Maker: Phil Powell
Weight: 17 g / 5/8 oz
Length: 9 7/8" Shaft
Style: Russian Support Spindle
Woods: Asian Tiger Stripe Satin Wood
Interesting looking spindle, with quirky personality.
For this week's review, I used a small batt sample of BFL, Punta Silk, Firestar and mohair from Sheepy Kitty. I spun this yarn straight from the batt outside in the wind so it is full of air and truly woolen. I used this sample as my kick off to TdF. I also used my stAR pottery lap bowl (which I absolutely love!)
The first thing that you might notice about this spindle is its weird shape. It is definitely unique and reminds me of an insect leg; which may be the reason why I haven't warmed up to it all that much. To be honest, this is the first time I have spun on this spindle. I acquired it through a destash and added it to my collection.
The wood used is a huge bonus though. I'm usually a fan of darker woods but this one glows. You can see its beauty shining like gold in the sunlight. I've never heard of Asian Tiger Satin wood but it sure looks as nice as it sounds.
The lower portion of the shaft has very unique shaping, I haven't seen other russians quite like this. I would have expected that there would be more weight distributed but this spindle is so light, I didn't seem to get that feeling. I found this spindle slow going until I had a bit more weight packed on it.
The craftsmanship is visable in this spindle, and you can see that there was great care put into polishing the wood and making sure it was balanced.
I was able to spin a lace weight 2 ply yarn which is the category of yarns that russian spindles are best known for.
The tip in which you spin off is very delicate on this spindle. It is so pointy it has chipped off a bit and just like a knitting needle that has split, there seems to be no way to help this but to sand it down a bit. Now I know this spindle was well taken care of before I owned it. It has a piece of rubber tubing to protect the end when not in use, but this tip damage has occurred as a result of spinning and with a little TLC, it could be good as new again. It looks not bad in this picture but upon closer inspection, it looks like a teensy tiny bit has broken off.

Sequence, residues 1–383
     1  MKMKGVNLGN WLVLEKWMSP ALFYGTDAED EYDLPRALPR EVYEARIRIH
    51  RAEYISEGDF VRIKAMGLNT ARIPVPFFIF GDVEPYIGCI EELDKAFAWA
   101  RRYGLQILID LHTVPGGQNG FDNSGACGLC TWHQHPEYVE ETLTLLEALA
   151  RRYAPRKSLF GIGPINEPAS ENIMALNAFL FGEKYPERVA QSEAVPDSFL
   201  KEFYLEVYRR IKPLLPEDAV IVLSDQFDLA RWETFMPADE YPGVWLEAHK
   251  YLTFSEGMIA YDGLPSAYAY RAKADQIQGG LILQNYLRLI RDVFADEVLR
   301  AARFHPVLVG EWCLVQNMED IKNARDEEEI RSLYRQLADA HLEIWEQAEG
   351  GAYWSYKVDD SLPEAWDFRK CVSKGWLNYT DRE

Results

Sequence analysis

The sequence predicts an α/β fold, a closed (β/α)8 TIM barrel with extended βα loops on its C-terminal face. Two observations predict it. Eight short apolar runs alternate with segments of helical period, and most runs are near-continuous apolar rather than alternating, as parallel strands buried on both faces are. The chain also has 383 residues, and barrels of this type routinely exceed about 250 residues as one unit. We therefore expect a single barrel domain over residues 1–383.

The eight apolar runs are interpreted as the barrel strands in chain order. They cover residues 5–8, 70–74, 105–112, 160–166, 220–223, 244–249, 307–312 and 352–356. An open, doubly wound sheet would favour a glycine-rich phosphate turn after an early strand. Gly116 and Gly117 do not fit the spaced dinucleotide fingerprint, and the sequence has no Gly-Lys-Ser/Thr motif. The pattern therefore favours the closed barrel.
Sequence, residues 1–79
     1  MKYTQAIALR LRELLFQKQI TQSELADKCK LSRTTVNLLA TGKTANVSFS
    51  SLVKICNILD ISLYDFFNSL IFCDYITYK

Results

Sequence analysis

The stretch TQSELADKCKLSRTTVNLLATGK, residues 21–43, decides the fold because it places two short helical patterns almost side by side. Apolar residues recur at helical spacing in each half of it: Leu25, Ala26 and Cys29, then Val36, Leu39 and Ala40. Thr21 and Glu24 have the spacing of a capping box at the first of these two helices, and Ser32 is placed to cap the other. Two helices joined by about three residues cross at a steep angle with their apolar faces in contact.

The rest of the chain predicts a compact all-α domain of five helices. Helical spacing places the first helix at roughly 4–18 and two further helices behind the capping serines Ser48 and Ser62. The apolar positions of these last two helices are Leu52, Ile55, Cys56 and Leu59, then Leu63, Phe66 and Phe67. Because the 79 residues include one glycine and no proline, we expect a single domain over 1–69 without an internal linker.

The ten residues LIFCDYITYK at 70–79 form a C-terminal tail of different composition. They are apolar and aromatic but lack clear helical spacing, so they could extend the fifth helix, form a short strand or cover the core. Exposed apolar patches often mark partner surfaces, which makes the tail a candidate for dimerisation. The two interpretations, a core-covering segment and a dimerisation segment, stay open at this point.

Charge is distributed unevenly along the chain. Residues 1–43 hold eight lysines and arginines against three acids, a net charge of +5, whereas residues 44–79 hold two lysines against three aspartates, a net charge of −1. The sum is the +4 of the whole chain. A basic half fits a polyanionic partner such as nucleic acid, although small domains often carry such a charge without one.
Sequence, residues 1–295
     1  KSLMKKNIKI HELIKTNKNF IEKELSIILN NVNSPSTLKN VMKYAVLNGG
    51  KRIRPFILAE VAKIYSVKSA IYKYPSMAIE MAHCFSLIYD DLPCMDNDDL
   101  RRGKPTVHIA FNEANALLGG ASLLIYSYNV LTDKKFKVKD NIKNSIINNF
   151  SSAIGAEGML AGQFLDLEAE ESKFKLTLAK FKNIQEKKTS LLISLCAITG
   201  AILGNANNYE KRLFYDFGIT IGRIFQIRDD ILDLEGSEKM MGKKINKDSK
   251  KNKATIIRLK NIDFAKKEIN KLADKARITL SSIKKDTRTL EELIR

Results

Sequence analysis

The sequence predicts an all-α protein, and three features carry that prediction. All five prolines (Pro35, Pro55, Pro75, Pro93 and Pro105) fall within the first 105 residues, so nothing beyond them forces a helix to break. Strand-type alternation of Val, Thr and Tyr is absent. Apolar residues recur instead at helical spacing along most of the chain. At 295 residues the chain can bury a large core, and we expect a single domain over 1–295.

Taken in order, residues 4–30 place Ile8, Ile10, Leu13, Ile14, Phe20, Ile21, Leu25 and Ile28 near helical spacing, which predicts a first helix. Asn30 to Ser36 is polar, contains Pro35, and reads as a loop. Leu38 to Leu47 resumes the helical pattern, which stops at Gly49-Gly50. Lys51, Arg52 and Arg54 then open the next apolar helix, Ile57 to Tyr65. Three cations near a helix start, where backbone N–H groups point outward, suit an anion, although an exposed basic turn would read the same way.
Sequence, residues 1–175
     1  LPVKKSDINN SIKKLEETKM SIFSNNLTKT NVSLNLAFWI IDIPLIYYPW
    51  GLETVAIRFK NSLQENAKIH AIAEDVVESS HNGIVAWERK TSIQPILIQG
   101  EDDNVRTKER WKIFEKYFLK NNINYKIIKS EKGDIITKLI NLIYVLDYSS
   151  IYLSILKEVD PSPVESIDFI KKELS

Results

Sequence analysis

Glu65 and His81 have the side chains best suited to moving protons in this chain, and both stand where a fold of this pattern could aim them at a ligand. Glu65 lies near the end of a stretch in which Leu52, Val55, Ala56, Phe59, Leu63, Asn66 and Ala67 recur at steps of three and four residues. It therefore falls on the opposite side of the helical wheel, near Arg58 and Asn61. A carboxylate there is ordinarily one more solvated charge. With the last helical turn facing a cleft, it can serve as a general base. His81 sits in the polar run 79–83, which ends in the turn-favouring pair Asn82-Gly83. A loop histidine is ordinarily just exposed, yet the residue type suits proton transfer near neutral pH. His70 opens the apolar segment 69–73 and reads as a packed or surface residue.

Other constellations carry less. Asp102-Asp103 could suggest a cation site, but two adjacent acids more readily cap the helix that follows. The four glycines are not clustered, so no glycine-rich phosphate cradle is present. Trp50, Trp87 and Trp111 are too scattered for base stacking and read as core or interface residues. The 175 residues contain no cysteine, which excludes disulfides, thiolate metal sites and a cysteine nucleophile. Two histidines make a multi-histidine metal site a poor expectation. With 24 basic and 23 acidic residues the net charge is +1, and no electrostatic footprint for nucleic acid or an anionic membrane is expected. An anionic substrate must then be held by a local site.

I also find it nice when the spindle maker signs his spindles and this one isn't too bad. "Powell 2013". At least it's not written with a sharpie marker but unfortunately I don't think this signature will last as long as one that has been engraved in the wood.
Length of spin: 5.72 seconds (average of three tests)
Fibre storage ability: quite good
Looks: If you can get over the insect leg part and look at the beautiful wood it's gorgeous
Overall Rating: 6.5/10
If you are looking to try out a russian spindle that is a little slow to start, but has a unique profile then you might look towards this type. I see these for sale sometimes in the Spindle Candy group on Ravelry and some people love them while others aren't as enamored but I think they are worth a try!
7/8/2014 08:10:53 am
Thanks and glad you liked the review. I tend to lean more towards tibetan support spindles but if you were looking to spin beautiful lace weight yarns, then russians are the way to go. Support spindling is a lot of fun, especially cause you can sit comfortably and spin, even in a car (if you are the passenger of course lol) You can usually find decent priced russian spindles that won't break the bank even if you just want to try it out. It also helps that spindles seem to hold their value so if you buy one that you aren't happy with, you can often destash it pretty quickly. Let me know which one you decide on if you get one!
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